Three things every beginning runner should know before they lace up their sneakers and hit the trail.
Running is one of the most accessible and efficient forms of cardiovascular fitness around. It’s no wonder it has been growing in popularity. In 2010, the total number of U.S. running events was recorded at 22,800, an all-time high! And now you’re ready to join the estimated 13 million road race finishers across the nation. But before you lace up your sneakers and head out for your first run there are a few things to consider so that your transformation into a runner is successful.
Choosing the right equipment
Compared to many other fitness activities, running has a relatively low start-up cost. This is one of the reasons it is so attractive to beginners. So why can’t you use your old tennis shoes? Using the right shoe for your foot will keep you injury-free and proper footwear will help you reach your training goals. Don’t be afraid to invest a little money in a new pair of shoes. A good pair of shoes should last for about 500 miles, and they are the only critical piece of equipment you need.
The best place to go for running shoes is a running specialty store where they can evaluate your foot and gait. If you don’t have a running specialty store near you, Websites like Runner’s World have a shoe finder feature that helps you determine what kind of support your feet need. It will also give you suggestions on shoe brands and models. When shoe shopping, keep in mind that while you want a snug fit, there should still be adequate room in the front of the shoe to accommodate any swelling. In many cases, your running shoe may need to be a half size larger than your regular street shoes.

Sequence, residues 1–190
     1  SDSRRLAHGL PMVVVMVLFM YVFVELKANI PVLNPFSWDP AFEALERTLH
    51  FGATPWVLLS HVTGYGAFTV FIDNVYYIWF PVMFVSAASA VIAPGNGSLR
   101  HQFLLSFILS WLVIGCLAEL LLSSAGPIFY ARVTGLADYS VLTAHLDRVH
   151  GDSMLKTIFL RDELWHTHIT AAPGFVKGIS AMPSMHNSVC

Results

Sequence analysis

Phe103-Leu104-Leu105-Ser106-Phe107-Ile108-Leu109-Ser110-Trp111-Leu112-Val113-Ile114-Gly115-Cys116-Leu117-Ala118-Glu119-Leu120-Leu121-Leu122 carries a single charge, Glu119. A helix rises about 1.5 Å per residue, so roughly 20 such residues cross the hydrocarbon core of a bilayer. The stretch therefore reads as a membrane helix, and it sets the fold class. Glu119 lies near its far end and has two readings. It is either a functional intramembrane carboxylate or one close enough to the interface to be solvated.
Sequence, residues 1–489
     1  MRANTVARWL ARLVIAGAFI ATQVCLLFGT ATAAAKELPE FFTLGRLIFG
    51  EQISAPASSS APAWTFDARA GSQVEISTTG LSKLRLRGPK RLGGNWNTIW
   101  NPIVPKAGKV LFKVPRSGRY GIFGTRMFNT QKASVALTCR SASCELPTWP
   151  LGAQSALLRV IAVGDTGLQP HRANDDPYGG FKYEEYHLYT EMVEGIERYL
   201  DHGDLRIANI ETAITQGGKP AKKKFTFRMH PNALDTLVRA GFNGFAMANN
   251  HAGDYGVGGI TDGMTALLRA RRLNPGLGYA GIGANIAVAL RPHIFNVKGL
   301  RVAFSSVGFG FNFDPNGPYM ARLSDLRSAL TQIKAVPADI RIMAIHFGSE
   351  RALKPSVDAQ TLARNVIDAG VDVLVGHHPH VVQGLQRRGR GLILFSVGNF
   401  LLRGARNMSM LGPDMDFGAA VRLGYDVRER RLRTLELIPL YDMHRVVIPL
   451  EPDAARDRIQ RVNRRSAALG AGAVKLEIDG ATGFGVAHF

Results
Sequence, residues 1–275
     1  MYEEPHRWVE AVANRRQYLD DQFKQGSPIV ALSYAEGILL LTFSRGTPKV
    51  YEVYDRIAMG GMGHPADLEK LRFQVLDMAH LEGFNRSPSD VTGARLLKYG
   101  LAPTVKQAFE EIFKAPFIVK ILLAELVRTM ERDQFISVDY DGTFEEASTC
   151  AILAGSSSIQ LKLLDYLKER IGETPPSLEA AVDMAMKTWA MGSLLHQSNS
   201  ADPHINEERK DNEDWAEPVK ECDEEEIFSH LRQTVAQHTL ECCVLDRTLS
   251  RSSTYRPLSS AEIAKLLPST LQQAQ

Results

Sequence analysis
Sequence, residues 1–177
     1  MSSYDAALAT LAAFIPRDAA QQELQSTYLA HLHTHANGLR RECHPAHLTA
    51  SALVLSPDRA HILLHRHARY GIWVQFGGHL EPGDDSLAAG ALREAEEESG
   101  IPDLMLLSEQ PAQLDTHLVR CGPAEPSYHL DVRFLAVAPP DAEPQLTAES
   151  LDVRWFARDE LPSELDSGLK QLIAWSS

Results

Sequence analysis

Warming up and cooling down
Warming up and cooling down should be a part of every run. By taking the time to warm-up you are giving your muscles a chance to elongate. This increases muscle flexibility and efficiency. A good warm-up should last between 5 and 10 minutes. Some options include walking, jogging, or pedaling on a stationary bike. Then you can gradually work up to your training pace.
When you’re done with your run, cooling down is also a good idea and can help you avoid personal injury. By walking or jogging for a few minutes after your run you are aiding the removal of lactic acid that has accumulated in the muscles. This helps speed up recovery. Stretching should be the last part of your cool down while your muscles are still warm and elongated. Never stretch a muscle to the point of pain, which indicates you are stretching too hard. Move slowly and gradually between each stretch.
Acclimating your body to a running routine
It is important to let your body ease into running. If you train too much too soon you are more susceptible to injury. Depending on your fitness level prior to running, you may want to start out just walking for 30 minutes a few times a week, or if that is too easy, try a combination of walking and jogging. Each week spends a little more time running than walking. Then slowly increase your time and distance. Be sure to give your body rest days as well. Training hard every day can really wear down your body.
You may even want to consider cross-training to give your running muscles a break. Instead of running every day, try another sport on some days—bike, swim, take an aerobics class or lift weights. Cross-training gives your legs and feet a break from the constant pounding, and it helps build other muscles that running does not utilize. If you want more structure, there are some great training programs that layout a weekly schedule for you such as From Couch to 5k. Your local running club or gym may also provide a group class for beginners.
Now it’s time to get moving! You’ll soon be on your way to a happier, healthier you!